Published December 15, 2022 | Version v1
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Equatorial Milky Way



Honourable mention in the 2022 IAU OAE Astrophotography Contest, category Still images of celestial patterns: Equatorial Milky Way


Taken in Bromo-Tengger-Semeru National Park, Java Island, Indonesia, in March 2016, this image captures regions of the southern Milky Way and, at its left edge, the two planets Mars and Saturn. Mars appears orange and is similar in colour to the star Antares, whose Greek name — anti Ares — references this. Saturn is a little bit fainter than Mars, but clearly visible among the stars of Ophiuchus, above the Pipe Nebula and forming an isosceles triangle with Mars and Antares.

Mars is on the top and Saturn is vertically below. Visible to the naked eye, both planets have significance in many cultures around the world. In Roman mythology Mars is the god of war and fertility, and Saturn the god of sowing and agriculture. Its Greek equivalent, the god Kronos, is also considered the regent of completion. Indigenous Australians, including the Kamilaroi and Wailan people, associate Saturn with “wunygal”, a small bird. Mars is called Iherm-penh (something burnt in flames) by the Anmatyerre people of the Central Desert, while the Kokatha people of the Western Desert associate Mars and the star Anatres with the red-tailed black cockatoo (Kogolongo).

In the middle of this photograph, the most famous southern constellations are clearly recognisable: the Southern Cross (Crux), the pointer stars, Alpha and Beta Centauri, the dark Coalsack Nebula and the red Eta Carina Nebula, which is not visible to the unaided eye but is prominent in modern photographs. In the 19th century, the star eta Carinae had been the second-brightest star in the sky for some time, but since it varies irregularly, it has hardly been recognisable in recent decades, and its future visibility is unpredictable.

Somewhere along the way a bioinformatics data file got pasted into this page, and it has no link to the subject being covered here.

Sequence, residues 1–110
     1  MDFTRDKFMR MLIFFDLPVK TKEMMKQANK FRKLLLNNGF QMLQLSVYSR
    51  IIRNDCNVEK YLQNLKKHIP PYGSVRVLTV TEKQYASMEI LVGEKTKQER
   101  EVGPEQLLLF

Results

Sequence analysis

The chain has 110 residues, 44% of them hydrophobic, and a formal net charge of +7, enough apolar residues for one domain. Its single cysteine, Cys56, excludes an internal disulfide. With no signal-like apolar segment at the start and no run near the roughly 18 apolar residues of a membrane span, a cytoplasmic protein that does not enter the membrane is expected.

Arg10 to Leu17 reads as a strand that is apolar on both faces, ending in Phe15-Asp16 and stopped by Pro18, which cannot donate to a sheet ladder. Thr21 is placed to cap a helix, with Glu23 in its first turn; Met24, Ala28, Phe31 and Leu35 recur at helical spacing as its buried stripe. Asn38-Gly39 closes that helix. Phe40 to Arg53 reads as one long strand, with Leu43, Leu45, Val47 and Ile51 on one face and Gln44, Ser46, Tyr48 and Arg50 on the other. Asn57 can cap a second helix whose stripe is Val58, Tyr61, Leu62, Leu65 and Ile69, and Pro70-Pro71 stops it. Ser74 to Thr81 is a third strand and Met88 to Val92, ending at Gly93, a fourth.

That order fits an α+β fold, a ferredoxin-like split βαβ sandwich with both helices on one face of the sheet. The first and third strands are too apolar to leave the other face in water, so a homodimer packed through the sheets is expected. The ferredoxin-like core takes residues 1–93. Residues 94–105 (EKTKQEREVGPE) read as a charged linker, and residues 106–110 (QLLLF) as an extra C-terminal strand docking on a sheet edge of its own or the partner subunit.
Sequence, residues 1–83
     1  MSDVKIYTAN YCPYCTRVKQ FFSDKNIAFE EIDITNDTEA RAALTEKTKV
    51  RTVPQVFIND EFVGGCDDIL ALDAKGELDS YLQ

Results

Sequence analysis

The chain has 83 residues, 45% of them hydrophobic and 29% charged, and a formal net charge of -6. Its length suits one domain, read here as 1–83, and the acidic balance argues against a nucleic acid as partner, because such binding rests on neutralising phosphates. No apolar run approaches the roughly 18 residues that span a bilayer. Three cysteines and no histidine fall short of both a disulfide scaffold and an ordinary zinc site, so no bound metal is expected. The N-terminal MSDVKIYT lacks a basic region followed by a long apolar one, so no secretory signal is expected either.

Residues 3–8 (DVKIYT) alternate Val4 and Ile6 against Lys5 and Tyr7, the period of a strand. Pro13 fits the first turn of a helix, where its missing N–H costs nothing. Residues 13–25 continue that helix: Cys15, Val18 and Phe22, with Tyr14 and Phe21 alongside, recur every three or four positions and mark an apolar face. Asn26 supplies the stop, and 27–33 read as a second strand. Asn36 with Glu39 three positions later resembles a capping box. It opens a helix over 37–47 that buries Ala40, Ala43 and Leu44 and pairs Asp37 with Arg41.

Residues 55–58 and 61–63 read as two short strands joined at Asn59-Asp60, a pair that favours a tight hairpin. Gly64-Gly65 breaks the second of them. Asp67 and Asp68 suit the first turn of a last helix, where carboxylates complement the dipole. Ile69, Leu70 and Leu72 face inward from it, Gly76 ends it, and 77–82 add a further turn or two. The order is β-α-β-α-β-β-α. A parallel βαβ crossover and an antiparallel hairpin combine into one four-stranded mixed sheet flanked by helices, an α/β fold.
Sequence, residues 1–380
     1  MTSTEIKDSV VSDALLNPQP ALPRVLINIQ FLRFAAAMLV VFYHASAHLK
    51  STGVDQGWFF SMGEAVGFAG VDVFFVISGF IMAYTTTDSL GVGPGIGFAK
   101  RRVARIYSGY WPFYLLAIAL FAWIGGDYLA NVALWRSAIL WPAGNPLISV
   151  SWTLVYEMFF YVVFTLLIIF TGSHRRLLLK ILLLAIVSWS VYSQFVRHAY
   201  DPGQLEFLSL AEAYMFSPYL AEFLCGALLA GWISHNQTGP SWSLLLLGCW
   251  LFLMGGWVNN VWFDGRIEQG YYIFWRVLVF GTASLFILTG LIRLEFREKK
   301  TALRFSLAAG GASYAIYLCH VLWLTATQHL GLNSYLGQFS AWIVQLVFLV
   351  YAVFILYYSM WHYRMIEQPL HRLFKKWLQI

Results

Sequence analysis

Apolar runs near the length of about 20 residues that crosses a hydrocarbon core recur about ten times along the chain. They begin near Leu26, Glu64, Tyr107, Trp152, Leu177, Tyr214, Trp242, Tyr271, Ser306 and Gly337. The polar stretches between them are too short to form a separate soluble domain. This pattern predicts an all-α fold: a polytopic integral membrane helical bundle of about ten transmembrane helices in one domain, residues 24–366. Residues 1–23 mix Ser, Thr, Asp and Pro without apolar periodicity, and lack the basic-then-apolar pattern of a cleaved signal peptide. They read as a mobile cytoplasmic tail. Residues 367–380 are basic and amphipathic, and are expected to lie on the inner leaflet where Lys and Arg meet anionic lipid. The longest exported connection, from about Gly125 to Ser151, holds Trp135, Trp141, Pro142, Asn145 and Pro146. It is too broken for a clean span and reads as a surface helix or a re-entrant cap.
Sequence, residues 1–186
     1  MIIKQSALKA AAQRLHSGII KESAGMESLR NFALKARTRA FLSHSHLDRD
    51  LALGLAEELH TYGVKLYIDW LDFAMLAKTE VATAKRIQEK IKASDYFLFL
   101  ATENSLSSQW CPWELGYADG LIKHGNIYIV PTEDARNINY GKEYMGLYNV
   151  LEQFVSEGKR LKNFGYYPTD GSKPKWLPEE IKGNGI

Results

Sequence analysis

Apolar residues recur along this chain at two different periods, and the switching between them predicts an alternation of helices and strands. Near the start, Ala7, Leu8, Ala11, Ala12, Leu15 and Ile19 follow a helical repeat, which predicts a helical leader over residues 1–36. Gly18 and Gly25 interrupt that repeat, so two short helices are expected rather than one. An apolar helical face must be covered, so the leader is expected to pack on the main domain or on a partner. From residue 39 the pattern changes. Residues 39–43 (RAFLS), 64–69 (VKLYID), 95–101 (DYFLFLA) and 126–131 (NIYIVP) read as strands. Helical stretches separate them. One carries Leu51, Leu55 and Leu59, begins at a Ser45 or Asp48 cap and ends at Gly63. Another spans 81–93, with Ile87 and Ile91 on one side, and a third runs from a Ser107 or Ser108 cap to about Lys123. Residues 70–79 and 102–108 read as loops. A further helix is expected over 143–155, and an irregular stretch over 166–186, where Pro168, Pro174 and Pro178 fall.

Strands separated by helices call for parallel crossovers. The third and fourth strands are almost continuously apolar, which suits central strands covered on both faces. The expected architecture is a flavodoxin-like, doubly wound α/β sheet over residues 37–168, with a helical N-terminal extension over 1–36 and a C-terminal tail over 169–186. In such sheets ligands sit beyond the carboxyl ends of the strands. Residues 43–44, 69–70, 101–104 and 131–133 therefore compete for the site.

Triangulum Australe is visible between the pointer stars and the Scorpion, and in the constellation of Centaurus, the bright globular star cluster Omega Centauri is clearly displayed. It was considered a “nebulous star” since antiquity and, thus, was listed in star catalogues for at least 2000 years. Only within the last century did astronomers discover that globular star clusters are in the halo of our galaxy and that this one consists of roughly 10 million stars.

The dark regions in the Milky Way, which are cool, dense clouds of dust and gas, form the head and body of the Celestial Emu Tchingal. Together with the Southern Cross and the pointer stars, they appear in the Dreamtime stories of many Indigenous Australians. One story associated with the Djab Wurrung and the Jardwadjali people is part of a Dreamtime Story involving Tchingal, the Bram-bram-bult brothers (the pointer stars), their mother Druk (Delta Crux), and Bunya the hunter, who gets transformed into a possum (Gacrux, the red star at the top of the Southern Cross).

Credit: Giorgia Hofer/IAUOAE (CC BY 4.0)


Honourable mention in the 2022 IAU OAE Astrophotography Contest, category Still images of celestial patterns: Equatorial Milky Way, by Giorgia Hofer.jpg